• Charles F. Gardner and Don Walker of the Journal Sentinel: "Milwaukee Bucks player representative Luc Richard Mbah a Moute said Tuesday night he 'can't help but be pessimistic' about the possibilities of a new labor deal between NBA players and owners. Mbah a Moute took part in a meeting with the union's executive committee earlier Tuesday as 29 of the league's 30 player representatives arrived in New York and deemed the owners' current proposal unacceptable. ... Mbah a Moute said he had talked to a number of Bucks teammates recently as the lockout has dragged into November, forcing the cancellation of the first month of the season."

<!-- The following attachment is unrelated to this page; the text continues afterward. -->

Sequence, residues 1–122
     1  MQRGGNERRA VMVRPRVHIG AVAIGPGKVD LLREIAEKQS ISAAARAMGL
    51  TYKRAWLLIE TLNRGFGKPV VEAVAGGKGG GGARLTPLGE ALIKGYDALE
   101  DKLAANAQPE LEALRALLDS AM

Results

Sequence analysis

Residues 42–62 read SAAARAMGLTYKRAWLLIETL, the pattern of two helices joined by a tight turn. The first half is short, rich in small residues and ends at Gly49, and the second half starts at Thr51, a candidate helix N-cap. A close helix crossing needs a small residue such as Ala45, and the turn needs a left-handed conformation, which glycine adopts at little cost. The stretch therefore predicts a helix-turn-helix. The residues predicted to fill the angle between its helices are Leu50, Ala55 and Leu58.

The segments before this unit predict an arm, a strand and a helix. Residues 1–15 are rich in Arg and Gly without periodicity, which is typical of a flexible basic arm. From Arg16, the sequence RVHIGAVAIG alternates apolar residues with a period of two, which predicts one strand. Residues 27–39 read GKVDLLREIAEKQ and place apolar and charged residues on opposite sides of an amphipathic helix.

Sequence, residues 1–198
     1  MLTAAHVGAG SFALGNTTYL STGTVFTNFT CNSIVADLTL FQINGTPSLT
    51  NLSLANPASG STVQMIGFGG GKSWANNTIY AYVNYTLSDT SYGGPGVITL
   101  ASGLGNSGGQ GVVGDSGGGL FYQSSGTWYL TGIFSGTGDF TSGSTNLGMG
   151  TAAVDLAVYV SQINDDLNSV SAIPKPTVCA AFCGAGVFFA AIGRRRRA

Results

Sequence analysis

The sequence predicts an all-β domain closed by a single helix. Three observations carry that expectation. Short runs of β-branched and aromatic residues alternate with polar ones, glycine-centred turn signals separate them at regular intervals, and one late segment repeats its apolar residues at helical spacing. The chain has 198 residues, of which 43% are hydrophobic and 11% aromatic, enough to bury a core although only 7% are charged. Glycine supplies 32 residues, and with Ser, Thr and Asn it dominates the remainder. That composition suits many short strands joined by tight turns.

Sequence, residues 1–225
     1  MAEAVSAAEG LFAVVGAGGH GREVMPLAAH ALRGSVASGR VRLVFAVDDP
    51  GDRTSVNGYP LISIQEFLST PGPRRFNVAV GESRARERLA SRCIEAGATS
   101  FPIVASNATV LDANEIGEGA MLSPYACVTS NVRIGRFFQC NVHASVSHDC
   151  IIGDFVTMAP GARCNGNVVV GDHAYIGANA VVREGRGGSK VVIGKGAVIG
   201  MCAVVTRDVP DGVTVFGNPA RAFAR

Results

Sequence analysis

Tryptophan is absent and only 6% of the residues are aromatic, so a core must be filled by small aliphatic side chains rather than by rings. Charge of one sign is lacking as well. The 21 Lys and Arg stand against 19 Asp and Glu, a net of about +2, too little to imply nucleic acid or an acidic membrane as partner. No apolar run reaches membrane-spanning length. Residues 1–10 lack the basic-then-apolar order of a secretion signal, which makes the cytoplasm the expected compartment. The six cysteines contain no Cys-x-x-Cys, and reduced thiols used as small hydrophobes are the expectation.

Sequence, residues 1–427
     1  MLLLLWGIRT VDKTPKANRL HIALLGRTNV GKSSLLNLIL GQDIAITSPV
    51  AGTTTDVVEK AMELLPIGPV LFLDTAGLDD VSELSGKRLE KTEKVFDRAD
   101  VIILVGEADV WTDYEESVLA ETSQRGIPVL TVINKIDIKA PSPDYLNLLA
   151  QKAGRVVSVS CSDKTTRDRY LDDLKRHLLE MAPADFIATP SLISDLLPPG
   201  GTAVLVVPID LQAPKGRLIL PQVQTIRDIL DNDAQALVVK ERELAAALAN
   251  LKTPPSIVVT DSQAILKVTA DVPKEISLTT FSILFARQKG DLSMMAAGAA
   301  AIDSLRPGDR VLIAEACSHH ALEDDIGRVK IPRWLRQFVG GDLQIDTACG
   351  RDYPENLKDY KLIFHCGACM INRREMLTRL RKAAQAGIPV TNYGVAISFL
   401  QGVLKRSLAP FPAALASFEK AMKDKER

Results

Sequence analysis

• Doug Robinson of the Deseret News: "The NBA lockout drags on. Neither side is giving in. No progress is being made as the season shot clock ticks down. ... What to do? What they really need is a model. Something in a similar business that is wildly successful. Something that works like a money machine, churning out billions of dollars. Something that nurtures competitiveness among all teams and instills all fans in every market with hope. Something that doesn't allow teams to stack talent by throwing unlimited amounts of cash at players. Something that doesn't allow the rich to get richer and the poor to get poorer. Something that isn't like Major League Baseball. Something that is like, oh, say, the National Football League. Ever wonder why the NBA — and, for that matter, Major League Baseball, and the National Hockey League and every other sports league on the planet – doesn't take lessons from the winners and copy the NFL formula? Why not imitate the league that generates $9 billion in revenues annually, compared to the NBA's $3.8 billion? Instead, the NBA seems to go out of its way to do the opposite."